• Ease of use: The days of needing to know HTML to send email campaigns are long gone, but every email software handles its interface in a unique way. Try out each tool and see which one is most efficient for you
  • List Management: Spend any amount of time working with email campaigns, and you’ll soon find that your day will revolve around managing subscriber lists. The easier your email software makes this chore, the more time you’ll have to spend on other tasks
  • Automation and Integrations: Most leading email marketing tools will link with other aspects of your marketing software stack like web forms, CRM databases, etc. in order to seamlessly pull data in and out of your systems and even send automated campaigns based on triggering events. The more capabilities you have here, the more manual burden you can remove from your email marketing efforts. As you can see in the example below, MailChimp allows you to import your contacts from other services, making it easy to create a list

how to create an email marketing campaign in 5 steps Source: MailChimp

2. Create Email Marketing Lists and Segment Your Subscribers

After you create an account with an email software provider, your next step is to figure out what you want to send to whom. In other words, you need to create a list of people to which you want to send emails. Our rule of thumb is to add everyone you come in contact with to your email list, but who you have in your email campaign cross hairs depends on your objectives. Here are a few examples:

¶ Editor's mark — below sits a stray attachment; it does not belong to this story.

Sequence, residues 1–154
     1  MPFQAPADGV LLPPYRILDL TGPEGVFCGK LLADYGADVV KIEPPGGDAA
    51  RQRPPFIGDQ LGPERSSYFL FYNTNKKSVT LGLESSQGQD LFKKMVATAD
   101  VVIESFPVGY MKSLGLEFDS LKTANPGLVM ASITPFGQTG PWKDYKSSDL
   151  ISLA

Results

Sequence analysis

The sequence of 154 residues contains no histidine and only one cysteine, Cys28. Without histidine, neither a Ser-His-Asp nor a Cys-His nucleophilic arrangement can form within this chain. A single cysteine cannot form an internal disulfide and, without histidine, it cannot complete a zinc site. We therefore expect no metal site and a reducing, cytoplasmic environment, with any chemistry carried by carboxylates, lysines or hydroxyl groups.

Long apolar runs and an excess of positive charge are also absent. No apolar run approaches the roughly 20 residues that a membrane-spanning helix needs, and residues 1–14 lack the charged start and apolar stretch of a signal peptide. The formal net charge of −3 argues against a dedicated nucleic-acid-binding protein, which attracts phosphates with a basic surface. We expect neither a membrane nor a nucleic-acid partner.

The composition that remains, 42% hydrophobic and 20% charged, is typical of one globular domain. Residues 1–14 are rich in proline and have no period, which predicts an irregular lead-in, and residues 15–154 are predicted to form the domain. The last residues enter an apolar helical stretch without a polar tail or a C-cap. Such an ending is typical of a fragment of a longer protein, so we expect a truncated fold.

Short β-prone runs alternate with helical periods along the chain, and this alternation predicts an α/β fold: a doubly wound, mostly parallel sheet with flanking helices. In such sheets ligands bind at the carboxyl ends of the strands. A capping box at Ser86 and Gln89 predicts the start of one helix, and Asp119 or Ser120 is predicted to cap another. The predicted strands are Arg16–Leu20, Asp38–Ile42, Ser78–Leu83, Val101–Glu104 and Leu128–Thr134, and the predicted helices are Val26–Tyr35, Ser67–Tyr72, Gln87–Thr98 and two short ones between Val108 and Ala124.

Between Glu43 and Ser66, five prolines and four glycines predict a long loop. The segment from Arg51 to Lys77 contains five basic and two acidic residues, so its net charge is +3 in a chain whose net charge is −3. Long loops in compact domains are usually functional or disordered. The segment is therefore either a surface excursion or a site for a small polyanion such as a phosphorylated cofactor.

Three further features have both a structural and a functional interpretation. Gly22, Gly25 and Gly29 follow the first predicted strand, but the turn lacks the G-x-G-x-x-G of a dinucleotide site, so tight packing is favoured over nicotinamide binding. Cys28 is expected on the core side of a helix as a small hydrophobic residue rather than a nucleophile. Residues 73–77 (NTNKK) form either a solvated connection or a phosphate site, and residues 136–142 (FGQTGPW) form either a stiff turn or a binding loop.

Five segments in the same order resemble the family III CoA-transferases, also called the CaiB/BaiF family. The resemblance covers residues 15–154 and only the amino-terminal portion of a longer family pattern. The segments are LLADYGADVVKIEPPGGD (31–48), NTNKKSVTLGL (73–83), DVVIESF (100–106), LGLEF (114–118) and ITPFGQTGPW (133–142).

• Your past and current customers are a great list to start with for a newsletter or other retention campaign to keep your brand top of mind
  • Former sales prospects who haven’t committed make a good segment for the occasional discount or deal offer
  • Friends and supporters of your company make a good source for reviews and referrals

As your list grows and you have more of an activity history, your next step is to segment your list. This can be done in various ways depending on the email you are sending, although it is common to segment by subscriber engagement (opens, clicks, etc.), customer behavior (type of product purchased, past expressed interest, etc.), or demographics (e.g. offers available in certain location). Segmenting your lists make it easier to send relevant, targeted content to your subscribers. For example, if you are an active subscriber, you probably don’t want a “Welcome” email six months after you have signed up. Non-segmented campaigns are more likely to result in unsubscribes due to irrelevant content. Furthermore, clicks on segmented campaigns are 63.03% higher than non-segmented campaigns.

How to create an email marketing campaign in 5 steps

MailChimp offers pre-built segments to make targeting your audience easy.     Source: MailChimp

3. Create Your Email Campaign Template